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  12. added 2019-02-10
    Introspection Without Judgment.Anna Giustina - forthcoming - Erkenntnis:1-21.
    The focus of this paper is introspection of phenomenal states, i.e. the distinctively first-personal method through which one can form beliefs about the phenomenology of one’s current conscious mental states. I argue that two different kinds of phenomenal state introspection should be distinguished: one which involves recognizing and classifying the introspected phenomenal state as an instance of a certain experience type, and another which does not involve such classification. Whereas the former is potentially judgment-like, the latter is not. I call (...)
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  13. added 2018-09-11
    How Naïve Realism Can Explain Both the Particularity and the Generality of Experience.Craig French & Anil Gomes - 2019 - Philosophical Quarterly 69 (274):41-63.
    Visual experiences seem to exhibit phenomenological particularity: when you look at some object, it – that particular object – looks some way to you. But experiences exhibit generality too: when you look at a distinct but qualitatively identical object, things seem the same to you as they did in seeing the first object. Naïve realist accounts of visual experience have often been thought to have a problem with each of these observations. It has been claimed that naïve realist views cannot (...)
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  14. added 2018-08-27
    The Epistemic View of Subjectivity.Scott Sturgeon - 1994 - Journal of Philosophy 91 (5):221-235.
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  15. added 2018-07-29
    The Upanishadic Art of Living.Varanasi Ramabrahmam - manuscript
    A human being though basically a physico-chemical and hence physiological being; is essentially a psychological being. Psychology is physiology, but “appears” separate to most humans and will be dealt with as here. But attempts will be made to intermittently connect with modern scientific understanding in terms of nervous system – the brain, spinal cord, nerves and neurons- to get a comprehensive picture of mind and its functions for academic purpose. -/- Psychology is human consciousness and mind and their functions manifested (...)
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  16. added 2018-06-13
    Can the Russellian Monist Escape the Epiphenomenalist’s Paradox?Lok-Chi Chan - forthcoming - Topoi:1-10.
    Russellian monism—an influential doctrine proposed by Russell (The analysis of matter, Routledge, London, 1927/1992)—is roughly the view that physics can only ever tell us about the causal, dispositional, and structural properties of physical entities and not their categorical (or intrinsic) properties, whereas our qualia are constituted by those categorical properties. In this paper, I will discuss the relation between Russellian monism and a seminal paradox facing epiphenomenalism, the paradox of phenomenal judgment: if epiphenomenalism is true—qualia are causally inefficacious—then any judgment (...)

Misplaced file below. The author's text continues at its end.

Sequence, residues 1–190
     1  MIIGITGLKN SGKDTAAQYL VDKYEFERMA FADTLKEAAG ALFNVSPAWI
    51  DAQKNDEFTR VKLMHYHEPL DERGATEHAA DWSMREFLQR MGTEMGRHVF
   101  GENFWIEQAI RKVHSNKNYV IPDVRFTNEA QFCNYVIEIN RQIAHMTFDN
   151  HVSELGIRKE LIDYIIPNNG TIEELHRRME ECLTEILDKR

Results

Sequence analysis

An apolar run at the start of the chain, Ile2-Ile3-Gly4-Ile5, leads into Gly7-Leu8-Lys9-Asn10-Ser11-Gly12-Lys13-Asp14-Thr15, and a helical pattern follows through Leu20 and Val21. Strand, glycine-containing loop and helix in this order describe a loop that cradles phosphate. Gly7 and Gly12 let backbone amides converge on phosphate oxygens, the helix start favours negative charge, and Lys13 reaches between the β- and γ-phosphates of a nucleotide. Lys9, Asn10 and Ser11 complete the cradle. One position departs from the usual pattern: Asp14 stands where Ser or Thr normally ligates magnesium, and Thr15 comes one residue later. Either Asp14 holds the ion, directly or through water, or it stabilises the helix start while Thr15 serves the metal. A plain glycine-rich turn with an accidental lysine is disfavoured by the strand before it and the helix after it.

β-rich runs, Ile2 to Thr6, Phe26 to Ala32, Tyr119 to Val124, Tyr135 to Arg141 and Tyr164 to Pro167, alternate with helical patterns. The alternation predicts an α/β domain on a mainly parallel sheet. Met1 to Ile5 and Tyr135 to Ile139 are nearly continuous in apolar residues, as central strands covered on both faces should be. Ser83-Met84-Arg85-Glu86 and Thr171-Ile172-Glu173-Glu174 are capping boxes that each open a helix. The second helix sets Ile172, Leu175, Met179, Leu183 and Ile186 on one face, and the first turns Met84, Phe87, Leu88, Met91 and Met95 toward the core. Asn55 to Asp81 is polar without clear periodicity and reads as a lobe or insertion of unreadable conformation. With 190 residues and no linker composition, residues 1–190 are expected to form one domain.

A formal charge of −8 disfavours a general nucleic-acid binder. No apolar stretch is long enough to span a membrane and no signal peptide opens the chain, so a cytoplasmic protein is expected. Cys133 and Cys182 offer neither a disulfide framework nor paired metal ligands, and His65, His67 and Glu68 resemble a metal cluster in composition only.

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  17. added 2018-05-31
    Diagnose van de Moderne Filosoof: Waarom filosofen gek zijn.Nicole Des Bouvrie - 2018 - Eindhoven: Damon.
    Zijn filosofen gek? Zo ja, waarom? En ligt dat dan aan de filosoof, aan de filosofie of aan de diagnostiek? Dat zijn de vragen die in 'Diagnose van de moderne filosoof' centraal staan. Nicole des Bouvrie neemt aan de hand van het diagnostische handboek van psychiaters en psychologen (de DSM-V) de situatie van de hedendaagse denker onder de loep. Autisme, psychoses, anorexia en andere aandoeningen passeren de revue, om aan de hand van een grondige anamnese van hedendaagse denkbeelden uit de (...)
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  18. added 2018-04-09
    The Paradoxical Self.William Hirstein & V. S. Ramachandran - 2011 - In Narinder Kapur (ed.), The Paradoxical Brain. Cambridge: Cambridge University Press. pp. 94-109.
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  19. added 2018-02-17
    Models of the Self.Shaun Gallagher (ed.) - 1999 - Thorverton UK: Imprint Academic.
    A comprehensive reader on the problem of the self as seen from the viewpoints of philosophy, developmental psychology, robotics, cognitive neuroscience,...
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  20. added 2018-02-17
    The Relation of Consciousness to the Material World.Max Velmans - 1995 - Journal of Consciousness Studies 2 (3):255-265.
    Within psychology and the brain sciences, the study of consciousness and its relation to human information processing is once more a focus for productive research. However, some ancient puzzles about the nature of consciousness appear to be resistant to current empirical investigations, suggesting the need for a fundamentally different approach. In Velmans I have argued that functional accounts of the mind do not `contain' consciousness within their workings. Investigations of information processing are not investigations of consciousness as such. Given this, (...)
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  21. added 2018-02-16
    Swamp Mary’s Revenge: Deviant Phenomenal Knowledge and Physicalism.Pete Mandik - 2010 - Philosophical Studies 148 (2):231-247.
    Deviant phenomenal knowledge is knowing what it's like to have experiences of, e. g., red without actually having had experiences of red. Such a knower is a deviant. Some physicalists have argued and some anti-physicalists have denied that the possibility of deviants undermines anti-physicalism and the Knowledge Argument. The current paper presents new arguments defending the deviant-based attacks on anti-physicalism. Central to my arguments are considerations concerning the psychosemantic underpinnings of deviant phenomenal knowledge. I argue that physicalists are in a (...)
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  22. added 2018-02-16
    Chalmers on the Justification of Phenomenal Judgments.Tim Bayne - 2001 - Philosophical and Phenomenological Research 62 (2):407-419.
    We seem to enjoy a very special kind of epistemic relation to our own conscious states. In The Conscious Mind, David Chalmers argues that our phenomenal judgments are fully-justified or certain because we are acquainted with the phenomenal states that are the objects of such judgments. Chalmers holds that the acquaintance account of phenomenal justification is superior to reliabilist accounts of how it is that our PJs are justified, because it alone can underwrite the certainty of our phenomenal judgments. I (...)